When creating a trust, you likely have a specific goal in mind. How the trust accomplishes that goal depends on the terms that you put in place. Those terms define how the money can be used.
For instance, some people who have trusts in their name want to use them to buy homes. They may use the trust to directly buy the house so that the trust owns it, or they may request a loan from the trust so that they can use that money to pay for the house, rather than a mortgage. They may also just get to use the money without it being a loan so that they can buy the house outright.
The advantages of doing this are many. It's often faster to get the money from a trust, whereas it can take weeks or months with a bank. Someone who doesn't want to miss out on a house that looks like it will sell quickly could have a serious edge if using a trust. Even with a loan, the interest rate for the trust could be far lower than the interest rate from a traditional lender. This can save the person money even if they have to pay back what they borrowed.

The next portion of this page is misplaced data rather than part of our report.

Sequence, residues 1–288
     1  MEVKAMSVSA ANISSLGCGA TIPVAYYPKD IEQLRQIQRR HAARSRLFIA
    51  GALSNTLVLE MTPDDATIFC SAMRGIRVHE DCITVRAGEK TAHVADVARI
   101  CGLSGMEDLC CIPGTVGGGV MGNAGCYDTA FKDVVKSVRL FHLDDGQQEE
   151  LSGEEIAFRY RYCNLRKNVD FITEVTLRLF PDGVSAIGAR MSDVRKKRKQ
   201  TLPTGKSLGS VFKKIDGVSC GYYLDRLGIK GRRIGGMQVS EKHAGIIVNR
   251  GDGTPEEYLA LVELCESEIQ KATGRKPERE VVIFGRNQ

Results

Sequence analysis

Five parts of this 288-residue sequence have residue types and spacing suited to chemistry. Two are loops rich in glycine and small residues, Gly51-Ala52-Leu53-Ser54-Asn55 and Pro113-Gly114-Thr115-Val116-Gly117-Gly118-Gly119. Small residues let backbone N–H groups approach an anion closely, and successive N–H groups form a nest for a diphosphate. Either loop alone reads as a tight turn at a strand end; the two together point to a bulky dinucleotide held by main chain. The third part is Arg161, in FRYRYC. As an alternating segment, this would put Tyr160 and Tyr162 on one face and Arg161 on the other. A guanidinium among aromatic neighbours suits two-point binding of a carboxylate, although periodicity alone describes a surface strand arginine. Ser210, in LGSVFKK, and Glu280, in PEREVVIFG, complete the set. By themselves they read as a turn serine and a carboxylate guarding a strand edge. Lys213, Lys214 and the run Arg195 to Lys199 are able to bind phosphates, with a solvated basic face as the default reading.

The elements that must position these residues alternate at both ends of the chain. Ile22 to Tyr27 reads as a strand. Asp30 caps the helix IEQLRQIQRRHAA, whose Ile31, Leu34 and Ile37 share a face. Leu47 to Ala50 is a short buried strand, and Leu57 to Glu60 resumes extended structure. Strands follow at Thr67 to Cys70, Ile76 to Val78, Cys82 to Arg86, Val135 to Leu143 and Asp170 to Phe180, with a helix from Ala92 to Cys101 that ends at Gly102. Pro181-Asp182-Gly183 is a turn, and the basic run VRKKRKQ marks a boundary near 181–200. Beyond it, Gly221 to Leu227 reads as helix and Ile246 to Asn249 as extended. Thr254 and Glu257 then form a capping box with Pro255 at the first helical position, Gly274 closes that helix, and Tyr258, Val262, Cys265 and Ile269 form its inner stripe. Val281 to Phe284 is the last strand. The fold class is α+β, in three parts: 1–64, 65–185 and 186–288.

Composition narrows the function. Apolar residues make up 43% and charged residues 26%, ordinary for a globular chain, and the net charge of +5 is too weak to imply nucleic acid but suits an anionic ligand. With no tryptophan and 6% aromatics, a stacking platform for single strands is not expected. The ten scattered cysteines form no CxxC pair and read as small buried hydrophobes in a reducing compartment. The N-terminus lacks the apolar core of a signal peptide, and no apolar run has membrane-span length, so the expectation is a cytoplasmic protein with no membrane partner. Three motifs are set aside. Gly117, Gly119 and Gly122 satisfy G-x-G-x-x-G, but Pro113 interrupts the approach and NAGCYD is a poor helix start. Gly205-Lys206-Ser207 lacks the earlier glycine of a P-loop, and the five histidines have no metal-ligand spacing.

The key, for the person setting up the trust, is just to specify very directly that the money can be used for a home purchase. They also want to specify how: Through payments, loans or direct purchases. The rules of a trust have the ultimate control over the money, and it's something that must be considered in advance by the person takes the legal steps to create the trust initially.